Nearby, I pause to watch a pair of street performers. They are cross-legged and silent, holding prayer beads. One is mysteriously levitating above the other with no means of visible support, aside from a single raised hand holding a pole. It’s a good trick and there is group of American college students clustered around them, examining the men with a careful eye. No one seems able to figure it out, and that for me merits an easy Euro tip.
I circle back, past the shop window of Ghezzi Luciano, where there are ornate monstrances and chasubles and mitres on display—a reminder that Vatican City and the Holy See are just across the Tiber. When I emerge onto Corso Vittorio Emanuele, the street is throbbing with the noise of rush hour traffic. I cross over at the light and stop at Largo di Torre Argentina to visit the feral cats who sprawl across the ruins at the sanctuary there, clearly enjoying the heat of day far more than I. By now, the air conditioning back in my room at the hotel is beckoning.
When I venture out again for dinner at eight, the air feels thick, but the sun has fallen behind the roofline and the atmosphere is more pleasant. I walk across the Ponte Palatino to Trastevere, where I settle into a table on the patio of Il Ponentino, under the shade of an umbrella. The waiter comes by and I order a bruschetta to start, and then a plate of cacio e pepe, a simple pasta dish made with cheese and pepper that I had once enjoyed in Arezzo. Tonight, however, my pronunciation reduces the man to peels of laughter, and he warns me, in English, that I should be careful how I say that. I’m not entirely sure, but I think I’ve mistakenly asked for a rather private part of the male anatomy. Tommaso, at the Hotel Davanzati in Florence, was fond of correcting my pitiful Italian. If he were here, undoubtedly he would find that very funny, indeed.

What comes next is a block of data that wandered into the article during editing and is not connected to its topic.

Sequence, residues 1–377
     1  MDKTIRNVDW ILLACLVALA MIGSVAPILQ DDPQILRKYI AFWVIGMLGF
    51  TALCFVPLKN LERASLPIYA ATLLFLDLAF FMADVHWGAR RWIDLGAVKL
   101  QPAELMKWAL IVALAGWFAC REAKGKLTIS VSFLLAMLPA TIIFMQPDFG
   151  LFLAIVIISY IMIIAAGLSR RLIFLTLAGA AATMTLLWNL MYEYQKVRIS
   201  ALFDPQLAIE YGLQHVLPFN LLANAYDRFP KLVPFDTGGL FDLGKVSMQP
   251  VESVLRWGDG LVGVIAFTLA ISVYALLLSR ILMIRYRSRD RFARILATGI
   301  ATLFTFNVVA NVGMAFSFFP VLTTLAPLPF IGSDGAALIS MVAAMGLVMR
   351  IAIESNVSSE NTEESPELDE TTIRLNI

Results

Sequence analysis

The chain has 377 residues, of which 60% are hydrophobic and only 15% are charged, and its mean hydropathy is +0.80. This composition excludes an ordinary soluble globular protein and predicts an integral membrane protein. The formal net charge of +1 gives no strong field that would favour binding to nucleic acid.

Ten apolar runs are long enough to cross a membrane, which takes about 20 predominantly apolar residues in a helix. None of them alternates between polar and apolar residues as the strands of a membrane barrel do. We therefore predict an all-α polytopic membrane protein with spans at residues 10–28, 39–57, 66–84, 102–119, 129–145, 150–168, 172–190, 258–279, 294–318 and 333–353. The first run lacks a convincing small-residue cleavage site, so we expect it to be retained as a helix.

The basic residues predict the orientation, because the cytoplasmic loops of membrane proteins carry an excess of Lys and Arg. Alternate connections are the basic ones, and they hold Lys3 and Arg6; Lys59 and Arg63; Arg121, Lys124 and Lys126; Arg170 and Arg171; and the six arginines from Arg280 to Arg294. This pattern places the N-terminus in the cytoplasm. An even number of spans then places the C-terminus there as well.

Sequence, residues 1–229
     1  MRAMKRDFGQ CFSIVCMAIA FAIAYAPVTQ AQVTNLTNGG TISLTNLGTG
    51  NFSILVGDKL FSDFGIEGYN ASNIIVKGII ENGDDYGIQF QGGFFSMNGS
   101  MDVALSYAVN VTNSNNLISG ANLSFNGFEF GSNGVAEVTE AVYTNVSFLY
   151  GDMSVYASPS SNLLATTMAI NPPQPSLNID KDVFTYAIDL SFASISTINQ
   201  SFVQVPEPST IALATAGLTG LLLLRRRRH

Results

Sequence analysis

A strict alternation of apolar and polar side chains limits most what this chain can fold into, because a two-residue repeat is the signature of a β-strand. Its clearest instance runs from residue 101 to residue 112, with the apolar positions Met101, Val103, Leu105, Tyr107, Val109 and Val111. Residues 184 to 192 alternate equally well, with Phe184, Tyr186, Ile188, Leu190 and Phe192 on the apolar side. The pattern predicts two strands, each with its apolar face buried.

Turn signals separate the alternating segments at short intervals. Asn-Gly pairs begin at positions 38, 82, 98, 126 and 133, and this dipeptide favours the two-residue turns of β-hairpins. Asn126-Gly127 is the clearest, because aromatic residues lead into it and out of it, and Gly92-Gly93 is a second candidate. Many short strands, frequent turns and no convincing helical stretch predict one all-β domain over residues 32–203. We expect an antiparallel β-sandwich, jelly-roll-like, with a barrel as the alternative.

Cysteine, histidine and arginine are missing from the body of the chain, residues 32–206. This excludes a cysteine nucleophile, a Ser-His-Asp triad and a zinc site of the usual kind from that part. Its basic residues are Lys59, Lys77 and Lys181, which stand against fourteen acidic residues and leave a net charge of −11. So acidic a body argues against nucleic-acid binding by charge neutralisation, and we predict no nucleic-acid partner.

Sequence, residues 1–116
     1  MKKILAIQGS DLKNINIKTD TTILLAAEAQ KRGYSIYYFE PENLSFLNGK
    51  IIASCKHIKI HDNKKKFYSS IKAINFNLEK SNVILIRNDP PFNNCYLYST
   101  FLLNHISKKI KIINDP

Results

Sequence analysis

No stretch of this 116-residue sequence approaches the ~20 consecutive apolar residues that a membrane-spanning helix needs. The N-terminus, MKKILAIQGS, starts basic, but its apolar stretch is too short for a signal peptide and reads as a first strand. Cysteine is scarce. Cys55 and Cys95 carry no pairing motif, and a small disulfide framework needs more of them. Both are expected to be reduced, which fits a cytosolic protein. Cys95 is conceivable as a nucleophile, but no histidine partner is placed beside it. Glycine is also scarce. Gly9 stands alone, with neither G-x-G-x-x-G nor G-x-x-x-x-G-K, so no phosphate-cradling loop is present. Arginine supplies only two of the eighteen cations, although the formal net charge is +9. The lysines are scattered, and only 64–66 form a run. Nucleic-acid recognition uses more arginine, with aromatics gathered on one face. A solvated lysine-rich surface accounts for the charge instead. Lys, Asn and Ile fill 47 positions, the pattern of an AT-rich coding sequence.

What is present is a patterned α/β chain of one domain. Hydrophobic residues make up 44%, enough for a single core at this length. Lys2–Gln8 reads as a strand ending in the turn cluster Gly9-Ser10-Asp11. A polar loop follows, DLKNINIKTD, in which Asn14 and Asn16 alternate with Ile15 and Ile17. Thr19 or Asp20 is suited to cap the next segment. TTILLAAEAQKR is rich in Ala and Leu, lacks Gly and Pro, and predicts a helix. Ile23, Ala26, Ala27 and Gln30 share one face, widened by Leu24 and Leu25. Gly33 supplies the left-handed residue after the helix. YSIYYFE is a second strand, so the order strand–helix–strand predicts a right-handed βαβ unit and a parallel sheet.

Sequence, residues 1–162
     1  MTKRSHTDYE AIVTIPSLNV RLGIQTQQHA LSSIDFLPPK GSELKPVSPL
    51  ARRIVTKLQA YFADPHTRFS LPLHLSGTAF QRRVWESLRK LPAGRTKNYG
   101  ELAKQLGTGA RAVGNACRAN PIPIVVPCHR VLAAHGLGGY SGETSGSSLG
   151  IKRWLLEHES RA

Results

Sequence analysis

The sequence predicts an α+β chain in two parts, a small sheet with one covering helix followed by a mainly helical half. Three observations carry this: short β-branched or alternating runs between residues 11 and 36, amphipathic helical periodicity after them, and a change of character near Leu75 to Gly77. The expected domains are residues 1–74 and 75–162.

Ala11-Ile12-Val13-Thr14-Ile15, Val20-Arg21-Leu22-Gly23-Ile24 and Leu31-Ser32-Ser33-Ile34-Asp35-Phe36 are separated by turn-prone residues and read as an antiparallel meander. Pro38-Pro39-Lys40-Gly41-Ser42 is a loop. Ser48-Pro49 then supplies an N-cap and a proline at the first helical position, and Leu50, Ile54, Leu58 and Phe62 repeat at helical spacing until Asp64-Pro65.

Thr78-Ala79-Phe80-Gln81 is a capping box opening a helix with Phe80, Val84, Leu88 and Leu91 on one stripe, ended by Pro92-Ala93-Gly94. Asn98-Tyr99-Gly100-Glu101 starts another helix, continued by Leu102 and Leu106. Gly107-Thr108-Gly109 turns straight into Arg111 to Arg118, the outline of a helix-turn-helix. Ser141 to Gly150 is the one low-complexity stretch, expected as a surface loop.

I walk along the Tiber after dinner, through the stalls of the Lungo il Tevere Roma festival, where temporary bars and restaurants have sprung up for the summer. There is live music here and there, and scores of vendors selling clothing and jewelry.
In writing about his trip to Rome, Henry James complained about a “general oppressive feeling that the city of the soul has become for the time a monstrous mixture of watering-place and curiosity-shop and that its most ardent life is that of the tourists who haggle over false intaglios and yawn through palaces and temples.“ It’s a fair enough point, I suppose, when I think about the cheap baubles at the fair and at the hordes of visitors, driven by the impulse to say I WAS HERE, who pose in front of the Pantheon with barely a glance backwards to marvel at the building itself. And yet, he said, “you are told of a happy time when these abuses begin to pass away, when Rome becomes Rome again and you may have her all to yourself.”
By the time I reach the Ponte Palatino, the bridge is quiet and there is a dusky peach sky behind the dome of St. Peter’s. I stop to take a picture, to capture a fleeting moment in time.
Rome is Rome once more, and she is mine.